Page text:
“Sheila, what do Canadians think of what is going on here in the USA?”
That was the question posed to me following the Orlando shootings from a coaching colleague who lives in the Pacific Northwest.
Since then, there has been more carnage. More tragedy. More insanity. The unthinkable is sadly becoming the new normal for our neighbours to the South.
While I cannot speak for all Canadians, I can speak from the perspective of the Canadians I know.
It is said that “When the USA sneezes, Canada catches a cold,” and so it is that we here north of the border are feeling heartbroken and saddened by what is happening to our neighbours.
My response to my American friend was this: “We Canadians simply do not understand.”
Basically, we don’t understand two things:
Why, arguably, the most powerful nation in the world does not take care of its citizens with universal health care.
And, even more so, we do not understand the American love affair with guns.
We, or at least the people I know, just don’t get it. Owning or carrying a fire arm is simply not part of our culture.
Although we here in Canada are not without our problems with violence, we are, by and large a culture that does embrace a reliance on guns. We don’t have a love affair with weapons. It is not now, and hopefully never will be, something we admire about any culture.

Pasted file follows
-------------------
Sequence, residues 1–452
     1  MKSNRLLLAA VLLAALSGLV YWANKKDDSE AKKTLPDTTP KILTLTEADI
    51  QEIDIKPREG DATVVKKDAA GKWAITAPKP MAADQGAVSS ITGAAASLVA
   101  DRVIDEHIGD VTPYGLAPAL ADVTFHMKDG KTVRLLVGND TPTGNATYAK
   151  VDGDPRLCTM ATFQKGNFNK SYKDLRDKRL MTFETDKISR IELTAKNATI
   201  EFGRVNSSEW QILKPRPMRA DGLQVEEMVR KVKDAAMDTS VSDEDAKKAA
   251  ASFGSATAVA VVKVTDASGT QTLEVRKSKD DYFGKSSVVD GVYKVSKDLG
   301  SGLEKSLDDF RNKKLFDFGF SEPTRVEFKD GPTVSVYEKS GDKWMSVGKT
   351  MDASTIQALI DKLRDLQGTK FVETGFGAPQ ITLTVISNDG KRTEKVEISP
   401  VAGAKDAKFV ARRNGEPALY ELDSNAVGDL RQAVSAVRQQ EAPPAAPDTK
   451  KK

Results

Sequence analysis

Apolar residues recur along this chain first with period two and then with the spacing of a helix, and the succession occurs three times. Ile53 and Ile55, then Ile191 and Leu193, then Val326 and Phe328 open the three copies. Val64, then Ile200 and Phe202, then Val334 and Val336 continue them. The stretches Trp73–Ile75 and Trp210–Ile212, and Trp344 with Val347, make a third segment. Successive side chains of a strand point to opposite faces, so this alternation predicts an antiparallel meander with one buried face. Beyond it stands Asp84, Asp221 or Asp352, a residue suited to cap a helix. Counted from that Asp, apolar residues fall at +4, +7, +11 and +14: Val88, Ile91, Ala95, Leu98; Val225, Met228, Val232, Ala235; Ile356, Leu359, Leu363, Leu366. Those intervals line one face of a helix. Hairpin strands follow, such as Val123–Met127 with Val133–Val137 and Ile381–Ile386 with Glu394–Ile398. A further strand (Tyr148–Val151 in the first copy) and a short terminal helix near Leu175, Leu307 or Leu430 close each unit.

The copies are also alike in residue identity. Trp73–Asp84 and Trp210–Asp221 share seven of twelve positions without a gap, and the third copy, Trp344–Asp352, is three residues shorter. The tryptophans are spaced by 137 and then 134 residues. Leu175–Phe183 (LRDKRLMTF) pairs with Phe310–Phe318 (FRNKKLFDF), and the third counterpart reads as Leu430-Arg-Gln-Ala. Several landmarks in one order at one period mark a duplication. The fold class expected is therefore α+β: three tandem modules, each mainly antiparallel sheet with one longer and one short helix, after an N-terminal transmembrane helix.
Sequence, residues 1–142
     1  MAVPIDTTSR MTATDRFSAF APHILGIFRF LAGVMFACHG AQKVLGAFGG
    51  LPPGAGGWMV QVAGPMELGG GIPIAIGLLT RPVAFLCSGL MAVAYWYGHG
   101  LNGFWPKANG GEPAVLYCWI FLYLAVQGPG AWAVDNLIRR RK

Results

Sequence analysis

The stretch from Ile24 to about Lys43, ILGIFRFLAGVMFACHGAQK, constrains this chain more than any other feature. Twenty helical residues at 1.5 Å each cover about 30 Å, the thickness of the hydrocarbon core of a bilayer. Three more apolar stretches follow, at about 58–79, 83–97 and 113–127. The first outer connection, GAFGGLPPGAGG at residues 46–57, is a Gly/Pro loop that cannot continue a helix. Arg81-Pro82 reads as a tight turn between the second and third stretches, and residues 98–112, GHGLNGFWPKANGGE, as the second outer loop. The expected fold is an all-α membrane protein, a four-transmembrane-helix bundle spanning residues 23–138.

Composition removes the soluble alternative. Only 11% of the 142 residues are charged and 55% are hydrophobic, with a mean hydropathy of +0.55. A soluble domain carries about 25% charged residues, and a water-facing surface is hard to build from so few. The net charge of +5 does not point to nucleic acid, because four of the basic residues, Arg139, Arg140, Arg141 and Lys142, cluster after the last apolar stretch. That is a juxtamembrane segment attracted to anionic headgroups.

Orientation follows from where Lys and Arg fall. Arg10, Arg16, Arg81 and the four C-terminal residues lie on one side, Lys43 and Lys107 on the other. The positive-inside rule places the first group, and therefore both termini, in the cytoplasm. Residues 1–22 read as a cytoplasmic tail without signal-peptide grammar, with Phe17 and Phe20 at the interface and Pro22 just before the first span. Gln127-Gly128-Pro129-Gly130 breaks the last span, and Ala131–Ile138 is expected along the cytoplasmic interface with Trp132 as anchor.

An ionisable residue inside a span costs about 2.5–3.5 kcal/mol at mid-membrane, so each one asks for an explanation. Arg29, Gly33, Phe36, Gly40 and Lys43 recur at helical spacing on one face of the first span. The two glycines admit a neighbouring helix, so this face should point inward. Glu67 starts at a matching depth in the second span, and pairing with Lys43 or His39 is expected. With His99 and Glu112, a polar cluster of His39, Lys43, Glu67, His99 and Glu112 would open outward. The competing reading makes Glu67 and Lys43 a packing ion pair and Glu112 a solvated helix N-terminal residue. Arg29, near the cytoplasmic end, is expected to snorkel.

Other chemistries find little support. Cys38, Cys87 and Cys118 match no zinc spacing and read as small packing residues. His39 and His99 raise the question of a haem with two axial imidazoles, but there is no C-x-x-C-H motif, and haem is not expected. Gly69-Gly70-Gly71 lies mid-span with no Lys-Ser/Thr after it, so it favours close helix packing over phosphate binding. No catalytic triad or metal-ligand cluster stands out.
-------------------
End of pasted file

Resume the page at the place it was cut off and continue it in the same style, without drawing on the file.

My friend was quick to point out that she and her friends do not embrace guns, either.
And, yet, we hear after every shooting and every tragedy in the U.S. that gun sales go up.
I grew up 6 miles from the U.S. border and, as a child, admired so much about the States.
I loved my frequent visits because the Americans had cooler clothes, they had Disney and Broadway, they produced great movies, and even the food was more interesting.
Pecan pie, boiled peanuts, and key-lime-anything did not exist in my Canadian awareness and contributed, somehow, to the mystique that I created in my young mind about the U.S.
I am no longer enamored with the good ole U.S. of A.
There seems little to admire anymore.
I am hesitant to travel to its larger cities, and I now perceive weakness and fear taking over the country I used to love so much.
I feel grateful everyday that I live in Canada.
If I could convey one message to our friends in the USA, it would be this:
Your guns are not keeping you safe.
These murders are calling each of you and all of us to lay down our arms.
Give up the fight.
Surrender your right to shoot and kill in favour of embracing a collective birthright to peace and love.
Everyone has access to an enlightened belief system, one which relies not on guns and constant distrust but on understanding that each of us has the capacity to care deeply for others. It requires that we put aside our self-interests (not an easy thing to do) and think about the collective we.
Enlightened leaders have a special role and a special mission.
If you would like to know more about the nuts and bolts of the enlightened belief system and how it can transform your corner of the workplace, please… be in touch.
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